Madison Ruppert, Contributor
Geneticists at Rockefeller University in New York have demonstrated the ability to remotely activate and deactivate specially engineered insulin production genes in mice through the use of radio waves.
As unbelievable as it sounds, this could represent a radically new understanding of how genes work as well as the ability to create an entirely new field of medical treatments.
Like many cutting edge technologies such as mind-controlled robots, new lifelike humanoid robots and microchips allowing mobile devices to see through walls and other objects, I see this breakthrough as having either radically beneficial or unimaginably detrimental uses in the future.
Unfortunately it has become quite clear that the pharmaceutical industry and the agencies that supposedly regulate them, like the Food and Drug Administration (FDA) are far from trustworthy.
This latest advance could give scientists the ability to remotely modify the activity of genes without any surgery or even traditional drugs.
However, while they bill the treatment as completely non-invasive, that is not entirely accurate. The researchers did, in fact, have to inject nanoparticles into the mice being studied in order to affect the genes.
Currently the lead author of the study, Jeffrey Friedman, says that this will be applied to research, allowing scientists to manipulate cells in a non-invasive manner.
Yet Friedman, a molecular geneticist, says that if this technique is continuously refined it could also have clinical applications.
This study, called “Radio-Wave Heating of Iron Oxide Nanoparticles Can Regulate Plasma Glucose in Mice” was published in Science earlier this month.
The process which Friedman and his colleagues used involved coated iron oxide nanoparticles with antibodies which then would bind to a modified version of an ion channel on the surface of cells.
The target was a modified version of the temperature-sensitive ion channel known as TRPV1 and the researchers injected the particles into tumors growing under the skin of the mice being studied.
The researchers then utilized a magnetic field created by a piece of hardware somewhat like a downsized magnetic resonance imaging (MRI) device to heat the nanoparticles.
Low-frequency radio waves targeted the nanoparticles and heated them to 42 degrees Celsius, at which point the ion channel was activated, allowing calcium to flow into the cells and trigger secondary signals, which then went on to activate an engineered calcium-sensitive gene which produced insulin.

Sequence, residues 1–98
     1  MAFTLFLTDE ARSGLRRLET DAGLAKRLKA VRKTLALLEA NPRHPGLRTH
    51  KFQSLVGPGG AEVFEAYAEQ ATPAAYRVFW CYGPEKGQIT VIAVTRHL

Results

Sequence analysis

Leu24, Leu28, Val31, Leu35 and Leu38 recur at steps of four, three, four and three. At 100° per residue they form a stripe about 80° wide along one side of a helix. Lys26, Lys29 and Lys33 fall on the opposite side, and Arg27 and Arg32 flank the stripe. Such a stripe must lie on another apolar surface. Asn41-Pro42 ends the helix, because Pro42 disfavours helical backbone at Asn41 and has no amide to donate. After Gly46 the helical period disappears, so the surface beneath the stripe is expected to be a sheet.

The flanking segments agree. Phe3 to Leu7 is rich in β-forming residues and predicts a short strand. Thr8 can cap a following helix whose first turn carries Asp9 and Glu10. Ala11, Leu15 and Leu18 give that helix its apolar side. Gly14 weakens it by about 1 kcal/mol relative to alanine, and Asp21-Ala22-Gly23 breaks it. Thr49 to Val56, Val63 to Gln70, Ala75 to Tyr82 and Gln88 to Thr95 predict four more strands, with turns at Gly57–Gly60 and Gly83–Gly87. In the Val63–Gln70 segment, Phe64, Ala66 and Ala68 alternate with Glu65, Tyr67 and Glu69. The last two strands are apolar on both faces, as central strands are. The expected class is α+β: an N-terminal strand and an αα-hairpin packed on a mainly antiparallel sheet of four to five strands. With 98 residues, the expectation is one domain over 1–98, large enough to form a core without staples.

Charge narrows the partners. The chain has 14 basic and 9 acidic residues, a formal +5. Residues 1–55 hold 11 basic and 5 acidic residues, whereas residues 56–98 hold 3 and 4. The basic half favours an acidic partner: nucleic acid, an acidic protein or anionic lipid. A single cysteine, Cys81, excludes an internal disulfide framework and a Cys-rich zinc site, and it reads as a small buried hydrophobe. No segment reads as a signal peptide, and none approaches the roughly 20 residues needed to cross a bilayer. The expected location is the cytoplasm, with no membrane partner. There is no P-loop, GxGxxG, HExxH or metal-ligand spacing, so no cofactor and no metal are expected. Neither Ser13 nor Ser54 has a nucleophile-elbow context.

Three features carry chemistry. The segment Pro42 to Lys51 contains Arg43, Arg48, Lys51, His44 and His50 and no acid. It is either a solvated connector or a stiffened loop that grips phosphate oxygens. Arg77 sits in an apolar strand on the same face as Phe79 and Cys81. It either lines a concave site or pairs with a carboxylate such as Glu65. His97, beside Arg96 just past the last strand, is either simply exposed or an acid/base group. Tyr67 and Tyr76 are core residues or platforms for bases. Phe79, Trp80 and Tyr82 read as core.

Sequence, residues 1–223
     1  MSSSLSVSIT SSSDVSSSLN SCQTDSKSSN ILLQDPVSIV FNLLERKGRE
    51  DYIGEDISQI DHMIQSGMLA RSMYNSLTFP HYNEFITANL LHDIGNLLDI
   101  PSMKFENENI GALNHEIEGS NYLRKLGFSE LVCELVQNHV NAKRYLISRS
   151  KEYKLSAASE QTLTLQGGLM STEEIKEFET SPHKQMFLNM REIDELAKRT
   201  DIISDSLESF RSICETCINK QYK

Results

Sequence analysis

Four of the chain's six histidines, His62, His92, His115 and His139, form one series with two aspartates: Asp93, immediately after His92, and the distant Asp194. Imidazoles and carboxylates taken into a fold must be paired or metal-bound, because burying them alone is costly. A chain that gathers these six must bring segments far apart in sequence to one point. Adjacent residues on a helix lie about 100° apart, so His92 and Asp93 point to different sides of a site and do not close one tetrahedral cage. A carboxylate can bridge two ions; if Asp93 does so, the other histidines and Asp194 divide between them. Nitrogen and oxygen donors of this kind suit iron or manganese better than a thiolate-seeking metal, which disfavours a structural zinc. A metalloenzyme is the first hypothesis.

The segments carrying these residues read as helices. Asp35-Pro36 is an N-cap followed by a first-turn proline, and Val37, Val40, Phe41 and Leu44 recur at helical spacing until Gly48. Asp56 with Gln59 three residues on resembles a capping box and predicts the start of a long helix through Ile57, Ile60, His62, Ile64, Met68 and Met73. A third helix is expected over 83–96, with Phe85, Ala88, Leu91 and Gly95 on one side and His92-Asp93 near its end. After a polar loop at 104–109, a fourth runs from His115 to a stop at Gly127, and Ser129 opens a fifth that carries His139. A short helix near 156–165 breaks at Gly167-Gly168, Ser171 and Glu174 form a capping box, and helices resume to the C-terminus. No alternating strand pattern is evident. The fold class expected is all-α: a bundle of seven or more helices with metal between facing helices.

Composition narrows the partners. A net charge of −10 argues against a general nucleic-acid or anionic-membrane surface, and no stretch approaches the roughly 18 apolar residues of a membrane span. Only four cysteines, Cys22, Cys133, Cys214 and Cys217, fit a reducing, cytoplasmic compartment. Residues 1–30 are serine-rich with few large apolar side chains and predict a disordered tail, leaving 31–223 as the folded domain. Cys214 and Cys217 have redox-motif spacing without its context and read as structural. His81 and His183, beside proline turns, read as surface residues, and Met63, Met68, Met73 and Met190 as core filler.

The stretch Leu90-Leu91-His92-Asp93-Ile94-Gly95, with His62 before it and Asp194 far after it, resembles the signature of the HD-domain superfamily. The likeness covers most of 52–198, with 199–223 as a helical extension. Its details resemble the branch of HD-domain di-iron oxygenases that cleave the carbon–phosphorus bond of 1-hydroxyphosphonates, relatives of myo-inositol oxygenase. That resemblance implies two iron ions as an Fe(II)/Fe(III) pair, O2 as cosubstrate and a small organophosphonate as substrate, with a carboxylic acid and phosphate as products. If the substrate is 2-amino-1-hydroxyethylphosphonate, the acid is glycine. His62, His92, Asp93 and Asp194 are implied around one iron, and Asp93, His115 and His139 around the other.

After a mere 30 minutes of being exposed to the low-frequency radio waves, the insulin levels in the mice increased and their blood sugar levels dropped as well.
However, Friedman emphasizes that this is not being done in order to create a new treatment for diabetes. Instead, it was just used because it provides an easily measured physiological variable to monitor the activity of the remotely controlled genes.
“There are many good treatments for diabetes that are much simpler,” Friedman said, while recognizing that it could potentially be used to activate other proteins to treat other conditions as well.
Using these low-frequency waves seems to be one of the most key components to this research.
“The great thing about this system is that radio-wave heating can penetrate deep tissue, and TRPV1 can focus that stimulus very locally to just where you have the nanoparticles,” said David Julius, a physiologist who studies TRPV1 at the University of California, San Francisco, according to Nature.
That being said, if this is developed and applied to some of our hardest to tackle illnesses, I believe this could be a major breakthrough for human health.
Yet at the same time, I could see this being used for less-than-admirable purposes as well, including actually making people sick.
Hopefully such a thing would never occur, but unfortunately the pharmaceutical industry has proven that they are interest in profits, not health, so it wouldn’t be all too surprising, in my humble opinion.
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This article first appeared at End the Lie.